"That's really the mission of public radio," says Helton, "to reach out to disenfranchised audience members. ... It's a small audience, but no less valuable."

Towson University's station has also focused on a specific community audience. It used to play rock and alternative music aimed at college listeners. But in the early 1990s, the university decided to change the format to adult contemporary, also called "smooth jazz," to attract listeners and dollars.

Under the guidance of three professional staff members, a few paid on-air personalities anchor the daily programming. Students fill a variety of positions on-air and behind the scenes.

"It plays an integral role in the students' education to provide them with practical experience to support what they learn in the classroom," says Turner.

Towson also supports a campus-based station, XTSR, which can be heard on the university's cable system and on the Internet. That station has a more open, student-guided format. It maintains a professional atmosphere under the direction of WTMD managers, but accommodates young people who want to participate in radio solely for enjoyment.

At Morgan State University, WEAA's staff takes pride in its role as a station for the broader community. "We try very hard to avoid the connotation of college radio as something that is not professional, where the format is at the whims of the student." says Maxie C Jackson III, acting general manager.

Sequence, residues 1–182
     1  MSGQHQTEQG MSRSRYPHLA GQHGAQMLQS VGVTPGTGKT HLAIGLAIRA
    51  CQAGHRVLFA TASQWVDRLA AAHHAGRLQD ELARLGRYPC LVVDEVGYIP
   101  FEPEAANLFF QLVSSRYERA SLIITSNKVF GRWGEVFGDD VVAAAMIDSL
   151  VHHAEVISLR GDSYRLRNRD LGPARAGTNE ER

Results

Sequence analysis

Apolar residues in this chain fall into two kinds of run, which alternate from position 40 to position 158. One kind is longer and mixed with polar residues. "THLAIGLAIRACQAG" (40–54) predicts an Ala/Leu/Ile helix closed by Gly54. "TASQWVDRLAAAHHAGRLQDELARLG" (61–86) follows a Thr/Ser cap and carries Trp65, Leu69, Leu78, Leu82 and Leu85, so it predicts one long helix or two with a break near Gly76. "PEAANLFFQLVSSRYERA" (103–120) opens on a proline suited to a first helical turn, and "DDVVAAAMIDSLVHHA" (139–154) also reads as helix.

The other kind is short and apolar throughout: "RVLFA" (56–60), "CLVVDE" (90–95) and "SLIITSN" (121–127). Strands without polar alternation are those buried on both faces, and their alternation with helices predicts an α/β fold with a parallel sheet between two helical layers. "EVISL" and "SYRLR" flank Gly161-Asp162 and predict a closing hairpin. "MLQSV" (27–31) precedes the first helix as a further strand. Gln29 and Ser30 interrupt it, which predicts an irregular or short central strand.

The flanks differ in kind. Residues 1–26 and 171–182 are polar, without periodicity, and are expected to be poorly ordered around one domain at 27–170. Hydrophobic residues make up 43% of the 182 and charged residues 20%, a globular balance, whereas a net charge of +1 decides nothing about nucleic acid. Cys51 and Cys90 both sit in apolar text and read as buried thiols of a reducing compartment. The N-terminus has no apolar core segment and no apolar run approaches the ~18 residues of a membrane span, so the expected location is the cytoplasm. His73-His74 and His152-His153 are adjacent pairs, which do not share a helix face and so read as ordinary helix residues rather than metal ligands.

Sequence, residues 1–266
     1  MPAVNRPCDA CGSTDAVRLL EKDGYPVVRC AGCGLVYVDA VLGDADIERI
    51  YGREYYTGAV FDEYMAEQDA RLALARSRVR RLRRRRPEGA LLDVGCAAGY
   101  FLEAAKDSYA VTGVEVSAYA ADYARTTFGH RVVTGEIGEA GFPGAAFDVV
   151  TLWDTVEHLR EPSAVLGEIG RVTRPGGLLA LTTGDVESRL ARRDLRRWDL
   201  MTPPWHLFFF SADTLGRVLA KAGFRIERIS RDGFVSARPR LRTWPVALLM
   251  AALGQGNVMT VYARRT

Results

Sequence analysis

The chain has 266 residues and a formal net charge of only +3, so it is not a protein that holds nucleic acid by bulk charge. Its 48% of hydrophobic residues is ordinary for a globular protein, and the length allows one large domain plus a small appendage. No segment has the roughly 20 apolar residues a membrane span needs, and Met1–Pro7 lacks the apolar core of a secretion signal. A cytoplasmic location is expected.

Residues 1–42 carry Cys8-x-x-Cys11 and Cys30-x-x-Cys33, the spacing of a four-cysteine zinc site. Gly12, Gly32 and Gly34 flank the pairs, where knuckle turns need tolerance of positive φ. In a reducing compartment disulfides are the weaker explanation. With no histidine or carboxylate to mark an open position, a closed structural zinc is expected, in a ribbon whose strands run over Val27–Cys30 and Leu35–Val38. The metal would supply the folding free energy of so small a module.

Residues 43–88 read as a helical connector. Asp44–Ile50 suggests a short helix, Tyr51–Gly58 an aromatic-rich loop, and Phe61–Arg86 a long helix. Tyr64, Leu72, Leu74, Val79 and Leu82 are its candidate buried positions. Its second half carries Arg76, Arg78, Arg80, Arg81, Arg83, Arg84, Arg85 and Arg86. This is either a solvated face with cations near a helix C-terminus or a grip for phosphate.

An affiliate of National Public Radio and the Associated Press news service, with six full-time and seven part-time employees, WEAA has found its niche. It provides African-American public affairs programming, a spectrum of jazz, Caribbean, African and world beat music, 13 hours of gospel on Sundays and other uncommon programs.

Within a culture dominated by professionals, the station takes on 15 students each semester as interns and volunteers. "They learn the fundamentals of radio broadcasting," says Jackson, including a range of technical skills "from older equipment to modern technology."

At WEAA and other stations, students can benefit from the mentoring relationships that develop with staff and skilled community volunteers.

A few area stations still fit the image of a university-funded operation where young people call the shots. The University of Maryland's student-run WMUC-FM can be heard in a 15-mile radius around the College Park campus, and "it's pretty much free choice of the DJs what to play," says station manager David Goldberg, a junior English education major. Student volunteers take responsibility for every aspect of the station.

WMUC Operations Manager Michael Tyler, a University of Maryland senior, says he's sad that student-run stations are diminishing across the country. He sees his station as a great opportunity to learn and a place where a diverse range of artists, including local and lesser-known bands, can get attention

"I think it's important that colleges fund [stations] for the advancement of music as an art form," says Tyler.

Regardless of the format or organization, Houston says aspiring broadcasters need to take advantage of as many hands-on opportunities as possible.

"The only way to learn the radio is to be on the radio," he says.